State Police poised to declare St. Bernard deputy’s shooting of man justified _lowres

Tyrone Bass

As relatives of a man shot by a St. Bernard Parish sheriff’s deputy in Chalmette on Tuesday search for answers as to why he was killed, nearby residents have come forward to offer their accounts of a fatal encounter that also sent one deputy to the hospital with head wounds.

The State Police identified Tyrone Bass, of New Orleans, as the man killed in a confrontation with three deputies near the intersection of Gallo Drive and East St. Bernard Highway about 2 p.m. Tuesday.

Bass, 22, lived in Uptown New Orleans and worked as a temporary staffer in St. Bernard Parish, according to his aunt Keisha Washington.

State Police spokesman Trooper Evan Harrell said an initial investigation suggested that Bass stabbed one deputy in the back of the head with a railroad spike.

Officials have offered few other details about the altercation, including why Bass was confronted by police in the first place, and Harrell said little more would be released until the end of an investigation that could take months.

St. Bernard Sheriff James Pohlmann has yet to decide whether to release the names of the deputies involved, a spokesman said.

A woman standing across St. Bernard Highway from the interaction said she saw the confrontation between Bass and the deputies while she was outside her house smoking a cigarette.

Chantelle Dakin, 25, said she saw one deputy appear at the scene first, pulling his cruiser onto the side of an unnamed road that crosses over railroad tracks between Lisa Drive and Andres Street.

She said Bass was walking toward the deputy from a set of mobile homes on nearby Andres Street, and that the deputy told him repeatedly to drop whatever he was carrying and put his hands up.

“It seemed like a million times (the deputy) told him,” Dakin said. “But the man, he had a blank look on his face. He didn’t put his hands up; he didn’t drop anything.”

Dakin said she could not tell if Bass had a weapon.

Dakin said Bass continued walking until the deputy used a Taser on him, after which Bass dropped into a ditch running between St. Bernard Highway and parallel railroad tracks.

Two more deputies then arrived and told Bass to drop what he had in his hands, Dakin said, and the deputy who was the first to arrive fell into the ditch, as well.

“They all was really freaking out, you could hear it in their voices,” Dakin said. “They was telling him to drop it and put his hands up, but he was still on the ground, but I guess he was trying to get up.”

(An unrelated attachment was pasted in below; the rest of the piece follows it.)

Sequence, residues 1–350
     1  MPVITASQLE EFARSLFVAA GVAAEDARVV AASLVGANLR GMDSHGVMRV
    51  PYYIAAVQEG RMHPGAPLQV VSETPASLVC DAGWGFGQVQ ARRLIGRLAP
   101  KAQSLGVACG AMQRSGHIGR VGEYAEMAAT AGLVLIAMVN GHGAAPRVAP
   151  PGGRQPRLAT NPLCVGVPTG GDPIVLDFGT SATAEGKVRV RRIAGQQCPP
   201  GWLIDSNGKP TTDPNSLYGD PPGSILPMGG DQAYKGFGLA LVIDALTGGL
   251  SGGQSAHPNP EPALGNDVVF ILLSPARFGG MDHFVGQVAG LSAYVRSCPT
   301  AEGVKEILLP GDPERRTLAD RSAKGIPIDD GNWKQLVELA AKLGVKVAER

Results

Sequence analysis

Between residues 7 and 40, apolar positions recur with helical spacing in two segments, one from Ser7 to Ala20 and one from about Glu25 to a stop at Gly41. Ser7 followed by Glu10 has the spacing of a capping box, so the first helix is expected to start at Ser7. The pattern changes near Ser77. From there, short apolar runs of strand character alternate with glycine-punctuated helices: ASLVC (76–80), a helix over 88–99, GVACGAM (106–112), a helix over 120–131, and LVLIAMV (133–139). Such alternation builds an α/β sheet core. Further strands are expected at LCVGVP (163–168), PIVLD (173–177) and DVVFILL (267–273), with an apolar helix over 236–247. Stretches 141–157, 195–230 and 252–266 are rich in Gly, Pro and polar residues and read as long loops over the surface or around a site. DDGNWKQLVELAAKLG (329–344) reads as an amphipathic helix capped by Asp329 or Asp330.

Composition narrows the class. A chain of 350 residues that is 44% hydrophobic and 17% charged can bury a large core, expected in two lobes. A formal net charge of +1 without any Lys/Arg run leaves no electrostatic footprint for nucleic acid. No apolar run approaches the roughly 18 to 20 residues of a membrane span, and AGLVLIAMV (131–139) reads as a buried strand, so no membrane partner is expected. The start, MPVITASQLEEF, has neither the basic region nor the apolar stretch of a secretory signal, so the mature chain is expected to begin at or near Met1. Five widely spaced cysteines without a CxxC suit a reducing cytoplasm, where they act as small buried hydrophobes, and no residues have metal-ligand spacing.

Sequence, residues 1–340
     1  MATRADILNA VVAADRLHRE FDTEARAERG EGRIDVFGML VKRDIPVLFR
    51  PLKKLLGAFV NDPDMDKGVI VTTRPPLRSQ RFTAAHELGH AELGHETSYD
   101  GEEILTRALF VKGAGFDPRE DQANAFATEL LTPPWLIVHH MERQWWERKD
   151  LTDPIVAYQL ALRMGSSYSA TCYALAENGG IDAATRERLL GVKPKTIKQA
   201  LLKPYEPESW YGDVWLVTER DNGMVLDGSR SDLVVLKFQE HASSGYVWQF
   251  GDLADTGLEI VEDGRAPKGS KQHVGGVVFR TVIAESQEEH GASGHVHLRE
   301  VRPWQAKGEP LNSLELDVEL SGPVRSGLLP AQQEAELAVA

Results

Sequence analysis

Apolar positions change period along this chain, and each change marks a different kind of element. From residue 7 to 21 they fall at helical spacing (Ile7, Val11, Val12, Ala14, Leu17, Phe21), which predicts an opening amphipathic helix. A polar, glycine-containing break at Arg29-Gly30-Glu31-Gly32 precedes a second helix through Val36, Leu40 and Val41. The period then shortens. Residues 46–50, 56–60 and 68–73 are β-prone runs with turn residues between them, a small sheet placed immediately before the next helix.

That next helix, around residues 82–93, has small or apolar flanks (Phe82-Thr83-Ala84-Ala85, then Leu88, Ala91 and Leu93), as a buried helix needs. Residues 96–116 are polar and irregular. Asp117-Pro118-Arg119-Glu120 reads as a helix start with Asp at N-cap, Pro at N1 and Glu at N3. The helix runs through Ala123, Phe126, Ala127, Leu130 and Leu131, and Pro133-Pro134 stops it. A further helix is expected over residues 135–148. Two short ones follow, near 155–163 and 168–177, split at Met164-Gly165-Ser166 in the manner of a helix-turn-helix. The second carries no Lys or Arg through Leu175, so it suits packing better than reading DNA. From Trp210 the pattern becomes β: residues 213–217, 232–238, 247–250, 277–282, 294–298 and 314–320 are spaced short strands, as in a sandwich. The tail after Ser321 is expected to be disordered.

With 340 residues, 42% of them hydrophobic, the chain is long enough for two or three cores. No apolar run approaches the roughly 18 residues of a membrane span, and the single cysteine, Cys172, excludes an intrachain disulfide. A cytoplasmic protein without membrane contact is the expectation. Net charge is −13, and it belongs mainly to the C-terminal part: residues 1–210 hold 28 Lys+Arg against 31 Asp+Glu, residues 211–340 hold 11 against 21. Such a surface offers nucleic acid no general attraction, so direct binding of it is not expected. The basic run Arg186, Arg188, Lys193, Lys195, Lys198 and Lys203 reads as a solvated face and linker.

After that, “you heard about five or six shots and that was it, that was the end of it,” said Dakin, adding that she could not see which deputy actually shot Bass.

The injured deputy was taken to a hospital with head wounds, State Police said Tuesday. He was released within several hours.

Dakin said she believed the only witnesses to the full encounter besides her were a mailman who happened to be working his way down Lisa Drive and a family in a nearby mobile home. She said State Police interviewed all of them.

However, a man and a woman living in a different mobile home offered a sharply different version of the encounter. Both Laura Kraemer and her husband, David Walker, claimed that they walked outside after hearing two initial shots, then saw deputies shoot Bass two to three more times.

Dakin and the few details released by authorities about the incident cast doubt on that version of events.

Dakin said she was certain that Kraemer and Walker emerged from their home only after the shooting was over. Nor could Kraemer and Walker agree on every detail of what happened. Kraemer thought the dead man was white — Bass was black — and was standing when he was shot, while Walker insisted that he was on the ground.

St. Bernard Parish Coroner Bryan Bertucci said it could take several days before he receives the results of an autopsy being conducted in Orleans Parish. The results of that investigation could reveal how many times Bass was shot and where.

Bass’ aunt said authorities have told her family little about why he was shot.

Washington said Bass’ mother was notified he had been killed at 10 p.m., about eight hours after the shooting.

“I can’t even begin to think about what could have happened,” Washington said. “We don’t have a clue. I can’t even think of nothing.”

Washington said she last spoke to her nephew around Sunday over the phone. He sounded normal and agreed to help her move on Wednesday, she said. After graduating from high school in Dallas, she said, Bass recently returned to New Orleans in search of a job.

Orleans Parish court records show Bass was arrested earlier this month for theft and illegal possession of stolen items.

Washington said Bass’ father was killed when he was 5, the victim of a fast-food restaurant armed robbery gone wrong. Bass was the second-oldest of eight brothers and sisters on his mother’s side and five brothers and sisters on his father’s side, she said, and his death has left the family reeling.

“Nobody would have ever expected this to happen to him,” Washington said. “I wish he would have just stayed in Texas.”